Broken Hill Prospecting (ASX: BPL) has expanded its heavy mineral sands footprint in the Murray Basin to encompass 7,300 square kilometres of granted tenements in the region, after securing four new exploration licences totalling 4,163sq km.
Another licence that runs along strike from Broken Hill’s existing Tararra project in New South Wales was also pegged.
The new licences position Broken Hill as the largest mineral sands tenement holder in the Murray Basin.
According to the company, the new tenements are close to key infrastructure and host multiple heavy mineral sands strandline lines.
The latest acquisition is part of Broken Hill’s strategy to become a low cost mobile miner in the area.
Broken Hill is developing a pipeline of low-tonnage but high-grade heavy mineral sands deposits that could be processed through its modular and mobile equipment.
To ensure it has secured the right project areas, Broken Hill has reviewed historical data and generated a proprietary database that includes information from 60,000 drill holes and 2 million metres of drilling.
“The granting of four new exploration tenements with walk up resource targets places the company in a strong position,” Broken Hill managing director Trangie Johnston said.
“We now have critical mass to accelerate these projects at a time of strong underlying market conditions,” he added.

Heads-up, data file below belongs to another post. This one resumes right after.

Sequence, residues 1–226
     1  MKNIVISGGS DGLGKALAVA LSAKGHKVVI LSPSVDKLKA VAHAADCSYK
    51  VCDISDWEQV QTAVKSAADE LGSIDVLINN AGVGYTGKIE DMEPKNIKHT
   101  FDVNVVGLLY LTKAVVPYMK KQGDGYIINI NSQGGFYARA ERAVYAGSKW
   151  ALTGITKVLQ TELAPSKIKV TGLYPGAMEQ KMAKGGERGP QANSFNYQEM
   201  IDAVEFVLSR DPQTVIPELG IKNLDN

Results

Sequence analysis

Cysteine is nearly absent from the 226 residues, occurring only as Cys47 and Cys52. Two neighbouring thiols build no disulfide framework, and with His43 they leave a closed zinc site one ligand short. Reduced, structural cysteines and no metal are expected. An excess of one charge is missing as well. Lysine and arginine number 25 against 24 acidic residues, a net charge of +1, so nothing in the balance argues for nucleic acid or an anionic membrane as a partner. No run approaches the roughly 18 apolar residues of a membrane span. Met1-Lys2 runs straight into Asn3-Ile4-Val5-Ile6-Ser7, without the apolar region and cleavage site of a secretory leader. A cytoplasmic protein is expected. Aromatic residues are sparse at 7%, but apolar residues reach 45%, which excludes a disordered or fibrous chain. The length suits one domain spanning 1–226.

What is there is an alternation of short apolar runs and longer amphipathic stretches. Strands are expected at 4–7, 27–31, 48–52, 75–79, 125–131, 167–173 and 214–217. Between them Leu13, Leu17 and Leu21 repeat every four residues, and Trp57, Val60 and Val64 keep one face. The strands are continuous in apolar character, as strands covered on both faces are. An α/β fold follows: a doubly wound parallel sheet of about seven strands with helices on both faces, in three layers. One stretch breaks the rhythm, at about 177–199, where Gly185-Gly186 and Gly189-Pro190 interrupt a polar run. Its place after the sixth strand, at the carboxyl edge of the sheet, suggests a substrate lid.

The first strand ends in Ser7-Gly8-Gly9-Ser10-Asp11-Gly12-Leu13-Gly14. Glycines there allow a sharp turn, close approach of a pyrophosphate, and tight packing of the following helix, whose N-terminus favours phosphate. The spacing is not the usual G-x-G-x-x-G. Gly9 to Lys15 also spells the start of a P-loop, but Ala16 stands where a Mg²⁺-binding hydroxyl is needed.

An extensive exploration program has been planned to kick-off shortly and will include validating historic data and undertaking geological modelling. An infill drilling program will be carried out over the new tenements once it has been planned.
Heavy mineral sands market
As with other commodities, the heavy mineral sands market, which comprises titanium minerals (ilmenite, leucoxene and rutile) and zircon has been languishing for the last five years.
However, as stockpiles have been drawn down and little money invested in finding new deposits, supplies have tightened triggering much needed price rises during the past year.
“Mineral sands commodity prices continue to perform well, and we are seeing improved financial performance from existing mineral sands producers,” Mr Johnston said.
Traditionally, titanium minerals have been consumed in the pigment market while zircon has been used in tiles and ceramics.
However, new doors may be opening up with disruptive technology company’s such as UltraCharge (ASX: UTR) developing a lithium-ion battery that incorporates titanium minerals in the anode instead of graphite.
Less than a month ago, UltraCharge announced it had boosted its anode production capacity for its batteries in anticipation of future orders.
The market reacted positively to Broken Hill’s news with the company’s share price soaring more than 13% to end the day at A$0.125.